The Rivers Rhine and Meuse have served as vital European transport arteries for centuries, as well as sites for urban and industrial development and water resources. Thus, the two rivers are of considerable economic importance but have been subject to substantial anthropogenically derived changes over time. The River Rhine, a combined glacier-rainfall river, originates in Switzerland (2,200 m above sea level) and flows over 1,250 km through France, Germany, and the Netherlands with a drainage area of 185,000 km2. In the Netherlands, it divides into three branches: Waal (65 percent of discharge), Lek (21 percent discharge), and Ijssel (14 percent discharge). The River Meuse is fed by rainwater, originates in France (410 m above sea level), and flows over 890 km through Belgium and the Netherlands, with a drainage area of 33,000 km2. Both rivers flow into a lowland area where they form a river delta before entering the North Sea (van den Brink 1994). The earliest documented human influence on these rivers occurred in the Roman era and involved the construction of canals to regulate discharge into the Dutch Rhine tributaries (van Urk & Smit 1989) and embankments started in the Middle Ages. In the 18th century, the Rhine River floodplain was still tens of kilometers wide, and the river meandered and supported an extensive riparian forest. Large-scale river regulation began in the 19th century, with construction of dams and sluices for sea flood protection, dams for river regulation, and groins (breakwater boulder piles extending laterally into the river), weirs, and dykes to facilitate shipping. These changes impeded natural meandering and formation of side channels, cutoff channels, and oxbow lakes; consequently, the floodplain shrank dramatically (van den Brink 1994). Since then, nearly all the floodplain forests have been cut, the riparian forests have been largely removed, and the existing riparian areas have been degraded. The significant loss to the aesthetic and recreational services is self-evident.
The water quality of the main channels of both rivers has changed considerably since measurements began in the early 1900s, with increased levels of nutrients (nitrate and phosphate), salts (chloride, sodium, and sulphate), and heavy metals (cadmium, mercury, lead, and zinc) (van de Weijden & Middleburg 1989). In addition, increasing levels of organic micropollutants such as polychlorinated biphenyls (PCBs), para-aminohippuric acid (PAHs), insecticides, and herbicides have contaminated the sediments. The lower sections of the two rivers accumulate inputs from several countries upstream and are the most polluted. In the 1960s—1970s, oxygen levels were extremely low, which affected the abstraction and provision of quality drinking water. More recently, construction of sewage treatment plants has improved the Rhine, although the Meuse still suffers from low oxygen, particularly in summer (van den Brink 1994). As a result of thermal pollution from power plants and industries, water temperature in the lower Rhine and Meuse has risen by 2 to 4° C since 1900.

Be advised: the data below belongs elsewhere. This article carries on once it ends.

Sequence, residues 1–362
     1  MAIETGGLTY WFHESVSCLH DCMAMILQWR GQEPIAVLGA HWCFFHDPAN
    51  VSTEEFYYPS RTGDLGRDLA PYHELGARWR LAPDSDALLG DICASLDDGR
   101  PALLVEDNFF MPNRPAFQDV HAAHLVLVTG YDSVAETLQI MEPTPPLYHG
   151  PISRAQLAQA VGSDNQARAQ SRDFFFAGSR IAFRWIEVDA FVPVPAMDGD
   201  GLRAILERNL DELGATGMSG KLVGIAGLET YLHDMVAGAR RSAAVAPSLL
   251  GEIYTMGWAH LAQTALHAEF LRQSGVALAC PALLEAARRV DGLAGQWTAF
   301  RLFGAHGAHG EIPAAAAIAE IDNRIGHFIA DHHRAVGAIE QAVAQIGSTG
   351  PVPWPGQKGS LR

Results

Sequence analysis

Not surprisingly, there have been dramatic changes in the biotic communities of the rivers. Plankton biomass in the river channels has increased, and is now dominated by a few ubiquitous centric diatoms and green algae (Admiraal et al. 1993). These add a considerable economic cost on filtration of the abstracted water. At present, the waters of the lower Rhine are dominated by sodium chloride instead of calcium bicarbonate (chloride levels increasing from < 20 mg/l in 1874 to > 200 mg/l in 1985; van den Brink et al 1990), which, together with the increased temperature, has created an environment that permitted the invasion of several exotic brackish-water and eurythermic macro-invertebrate species. These include exotic species introduced from North America and Eastern Asia and others that have immigrated from the Mediterranean and Ponte Caspian areas. One species is the benthic filter-feeding amphipod crustacean Corophium curvispinum, an invader originally from the southern Ponte Caspian area, which has expanded its range since 1900 from the rivers entering the Caspian and Black Seas via canals and rivers to western Europe, probably aided by shipping. It was first documented in the middle then lower Rhine in 1987, and within a couple of years increased explosively to become the most abundant species in the Rhine system. This species also reached the Belgian part of the River Meuse in 1981 and the Dutch part by the end of the 1980s. This invader has had a significant impact on the Rhine ecosystem (Neumann 2002). Its high fecundity, short generation time, and small size have led to massive densities (rising from 2/m2 in 1987 to 200,000/m2 in 1991 on stones of groins in the lower Rhine, van den Brink et al. 1993a), increased filter-feeding activity, and competition for food and space with other species, including other exotic invaders such as the amphi-pod crustacean, Gammarus tigrinus, and the zebra mussel, Dreissenapolymorpha. Gam-marus tigrinus invaded the lower Rhine in 1983, reducing abundance of the native amphipod G. pulex. Dreissena spp. invaded Europe from the Black Sea and Caspian Sea over two centuries ago, before the Industrial Revolution, but disappeared from the lower Rhine in 1960s due to the poor water quality and high levels of cadmium. Reductions in cadmium levels lead to Dreissena polymorrpha's re-establishment in 1975 and its subsequent rapid population increase. However, the species has now dramatically declined since 1987 due to competition for space with the nonnative Corophium (van der Velde et al. 1994). Meanwhile, a number of native brackish-water crustaceans such as the benthic amphipod Gammarus zaddachi range more than 100 km upstream of their original distribution boundary, as a result of increased river salinity (van den Brink et al. 1990, 1993b).